Cathryn Oakley - Human Rights Campaign
Katherine Darke Schmitt - US Department of Justice
Phil McNamara - Department of Homeland Security
TJ Kennedy - First Net
The main purpose of the PSCP Policy and Advocacy Committee meeting at the Congressional City Conference is to provide input that guides the development of the 2014 PSCP work plan. The PSCP Steering Committee will then use its meetings to further the plan and develop policy recommendations. Click here for the agenda.
Erik Peterson - The Afterschool Alliance
Akiba Saeedi - IBM
Akiba Saeedi - IBM
Barbara Day - U.S. Department of State
Oscar Trevino, Jr. - City of North Richland Hills
Rachel Steinhardt - Welcoming America
The growth of the immigrant population is a reality that cities across the nation are addressing every day. The federal government is working towards comprehensive immigration reform that will have effects on all communities. Prepare for the impacts of the passage of a federal bill and hear how local governments are successfully integrating new citizens into their communities.
Brian Holland - ICLEI - USA
Caitlin Durkovich - Department of Homeland Security
Karen Weitkunat - City of Fort Collins
Mike Boots - White House Council on Enviromental Quality
Vicki Arroyo - Georgetown Climate Center
The federal government is tackling climate change and supporting local efforts to create resilient communities. Learn what is being done at the federal and local levels and where more action is needed. Understand how to prepare and protect your critical infrastructure in the face of climate change and extreme weather events.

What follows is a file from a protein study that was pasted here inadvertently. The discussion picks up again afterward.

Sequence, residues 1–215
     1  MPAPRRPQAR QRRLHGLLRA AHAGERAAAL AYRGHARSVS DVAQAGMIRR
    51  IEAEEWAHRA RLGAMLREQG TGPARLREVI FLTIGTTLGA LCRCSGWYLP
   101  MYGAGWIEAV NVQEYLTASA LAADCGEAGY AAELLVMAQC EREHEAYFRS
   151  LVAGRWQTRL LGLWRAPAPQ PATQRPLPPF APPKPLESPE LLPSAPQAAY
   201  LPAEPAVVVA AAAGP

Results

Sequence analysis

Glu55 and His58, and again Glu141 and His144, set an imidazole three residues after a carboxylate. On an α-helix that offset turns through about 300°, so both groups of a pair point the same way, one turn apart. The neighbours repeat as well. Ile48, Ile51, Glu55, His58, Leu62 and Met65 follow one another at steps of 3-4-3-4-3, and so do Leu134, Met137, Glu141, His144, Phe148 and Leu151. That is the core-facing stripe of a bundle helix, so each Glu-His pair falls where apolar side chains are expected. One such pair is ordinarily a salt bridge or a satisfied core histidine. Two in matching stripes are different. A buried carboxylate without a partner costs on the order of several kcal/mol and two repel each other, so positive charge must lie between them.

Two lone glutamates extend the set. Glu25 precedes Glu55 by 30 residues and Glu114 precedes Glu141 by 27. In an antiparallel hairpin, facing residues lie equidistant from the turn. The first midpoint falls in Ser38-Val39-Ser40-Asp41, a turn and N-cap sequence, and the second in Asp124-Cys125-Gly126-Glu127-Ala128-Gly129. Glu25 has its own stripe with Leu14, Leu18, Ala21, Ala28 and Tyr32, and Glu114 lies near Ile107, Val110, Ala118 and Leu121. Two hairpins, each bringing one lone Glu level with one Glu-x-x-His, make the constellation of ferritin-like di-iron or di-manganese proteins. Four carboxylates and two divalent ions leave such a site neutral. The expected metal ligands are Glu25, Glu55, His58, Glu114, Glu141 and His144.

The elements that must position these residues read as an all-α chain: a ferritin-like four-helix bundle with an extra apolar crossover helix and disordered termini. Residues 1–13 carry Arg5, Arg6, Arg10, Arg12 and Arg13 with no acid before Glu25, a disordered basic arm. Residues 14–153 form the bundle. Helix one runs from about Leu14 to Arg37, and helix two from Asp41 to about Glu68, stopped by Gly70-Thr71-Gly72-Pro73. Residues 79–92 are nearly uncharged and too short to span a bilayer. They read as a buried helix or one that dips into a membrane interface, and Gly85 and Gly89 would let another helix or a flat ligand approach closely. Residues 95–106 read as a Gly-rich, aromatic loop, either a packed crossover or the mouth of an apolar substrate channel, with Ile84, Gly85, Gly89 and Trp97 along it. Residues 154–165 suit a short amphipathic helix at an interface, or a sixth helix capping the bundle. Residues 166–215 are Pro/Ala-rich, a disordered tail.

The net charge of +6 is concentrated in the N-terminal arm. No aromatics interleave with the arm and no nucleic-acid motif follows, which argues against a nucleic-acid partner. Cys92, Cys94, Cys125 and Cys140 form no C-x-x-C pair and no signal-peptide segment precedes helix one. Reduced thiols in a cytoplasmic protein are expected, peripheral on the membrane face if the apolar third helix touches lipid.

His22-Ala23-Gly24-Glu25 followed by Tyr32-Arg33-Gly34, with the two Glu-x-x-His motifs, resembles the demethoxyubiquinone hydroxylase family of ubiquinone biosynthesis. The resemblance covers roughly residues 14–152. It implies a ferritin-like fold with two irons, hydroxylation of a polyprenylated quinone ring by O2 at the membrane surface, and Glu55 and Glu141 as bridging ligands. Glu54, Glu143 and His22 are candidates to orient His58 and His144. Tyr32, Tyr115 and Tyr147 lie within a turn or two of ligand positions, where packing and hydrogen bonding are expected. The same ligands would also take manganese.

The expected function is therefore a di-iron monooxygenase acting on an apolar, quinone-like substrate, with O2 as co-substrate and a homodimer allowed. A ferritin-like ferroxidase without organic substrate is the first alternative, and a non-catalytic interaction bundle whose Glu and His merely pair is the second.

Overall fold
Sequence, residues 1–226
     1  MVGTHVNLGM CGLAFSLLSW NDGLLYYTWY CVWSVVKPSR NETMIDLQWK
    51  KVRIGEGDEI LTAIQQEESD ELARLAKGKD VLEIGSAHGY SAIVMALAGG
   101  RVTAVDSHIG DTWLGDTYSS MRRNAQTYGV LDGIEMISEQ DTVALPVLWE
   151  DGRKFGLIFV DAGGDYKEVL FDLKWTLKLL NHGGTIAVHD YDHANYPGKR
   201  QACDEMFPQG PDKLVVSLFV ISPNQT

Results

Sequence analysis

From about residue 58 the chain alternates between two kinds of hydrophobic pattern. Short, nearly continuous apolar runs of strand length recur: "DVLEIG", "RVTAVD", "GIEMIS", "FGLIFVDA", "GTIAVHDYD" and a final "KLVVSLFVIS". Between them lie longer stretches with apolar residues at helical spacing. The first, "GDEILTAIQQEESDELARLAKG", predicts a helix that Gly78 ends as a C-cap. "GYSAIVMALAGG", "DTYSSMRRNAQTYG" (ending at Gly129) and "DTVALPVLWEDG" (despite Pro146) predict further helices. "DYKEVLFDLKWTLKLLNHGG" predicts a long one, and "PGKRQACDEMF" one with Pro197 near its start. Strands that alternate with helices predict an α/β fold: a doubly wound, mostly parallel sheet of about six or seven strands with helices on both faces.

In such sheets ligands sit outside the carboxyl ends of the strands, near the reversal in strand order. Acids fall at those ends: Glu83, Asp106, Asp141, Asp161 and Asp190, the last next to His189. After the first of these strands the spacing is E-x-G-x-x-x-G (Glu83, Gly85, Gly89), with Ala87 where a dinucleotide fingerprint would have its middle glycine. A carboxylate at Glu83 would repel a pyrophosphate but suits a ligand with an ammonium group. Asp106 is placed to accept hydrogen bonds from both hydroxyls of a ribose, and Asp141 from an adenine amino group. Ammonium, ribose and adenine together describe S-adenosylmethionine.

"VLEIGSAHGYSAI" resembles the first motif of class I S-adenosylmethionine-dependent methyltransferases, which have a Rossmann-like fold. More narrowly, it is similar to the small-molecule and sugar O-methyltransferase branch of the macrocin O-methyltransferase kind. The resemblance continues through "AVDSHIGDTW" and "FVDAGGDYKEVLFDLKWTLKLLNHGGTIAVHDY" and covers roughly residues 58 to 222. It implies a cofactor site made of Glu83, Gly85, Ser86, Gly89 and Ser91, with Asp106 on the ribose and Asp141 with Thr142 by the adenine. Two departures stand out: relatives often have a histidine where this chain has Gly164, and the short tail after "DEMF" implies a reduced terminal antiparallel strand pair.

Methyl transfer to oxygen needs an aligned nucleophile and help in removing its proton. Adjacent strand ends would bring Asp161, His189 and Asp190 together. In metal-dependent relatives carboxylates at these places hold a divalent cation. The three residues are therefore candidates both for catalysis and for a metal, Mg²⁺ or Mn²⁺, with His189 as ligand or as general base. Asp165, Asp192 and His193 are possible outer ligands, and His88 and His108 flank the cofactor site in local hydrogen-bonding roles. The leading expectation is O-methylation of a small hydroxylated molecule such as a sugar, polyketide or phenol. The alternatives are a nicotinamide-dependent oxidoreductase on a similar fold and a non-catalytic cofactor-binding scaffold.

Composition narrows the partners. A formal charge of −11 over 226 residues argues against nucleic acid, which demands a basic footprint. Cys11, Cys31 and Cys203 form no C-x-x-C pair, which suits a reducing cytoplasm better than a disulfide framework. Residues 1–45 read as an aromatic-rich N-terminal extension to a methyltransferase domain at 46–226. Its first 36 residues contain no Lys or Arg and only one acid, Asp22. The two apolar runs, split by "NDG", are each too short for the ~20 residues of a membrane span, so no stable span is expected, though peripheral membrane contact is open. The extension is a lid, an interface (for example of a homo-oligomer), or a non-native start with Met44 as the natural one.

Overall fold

The federal budget is a constantly changing blueprint that has significant impacts on local finances. Plan for increased competition for federal resources and explore original financing options for local priorities. Understand what’s at stake in the debate over municipal bonds. A federal budget forecast will prepare you to make informed decisions about allocating resources within your own budget.
Jason Jordan - Center for Transportation Excellence
Jason Jordan - Center for Transportation Excellence
Liz Jaff - U.S. House of Representatives
Matthew Chiller - CH2M HILL
Tom Curtis - American Water Works Association
Xan Fishman - U.S. House of Representatives
Infrastructure plays an important role in maintaining the vitality of local and national economic success. Local leaders will need to find ways to pay for improvements to the nation’s aging transportation and water infrastructure and meet the growing number of mandates. Understand what federal options are available and the innovative financing mechanisms your colleagues are using to maintain these critical infrastructure systems.
Karen Freeman-Wilson - City of Gary
Lyman Legters - US Department of Justice
Tom Smith - City of Saint Paul
Neighborhoods that are dealing with juvenile violence and gang activity experience physical decay and a lack of civic engagement. A comprehensive strategy addressing this issue can create new opportunities for young people, support families, and build stronger social bonds in neighborhoods. Hear what the Federal Government is doing to combat youth violence and gang activities and what you can do to eliminate the root causes in your neighborhoods.
Jennifer Rinehart - The Afterschool Alliance
Dr. Nina E. Sonenberg - The Wallace Foundation
Gwen Camp - Federal Emergency Management Agency
Larry Klein - City of Palo Alto
Lynn Englum - World Wildlife Fund
Matthew Appelbaum - City of Boulder
Mr. Ralph Becker - City of Salt Lake City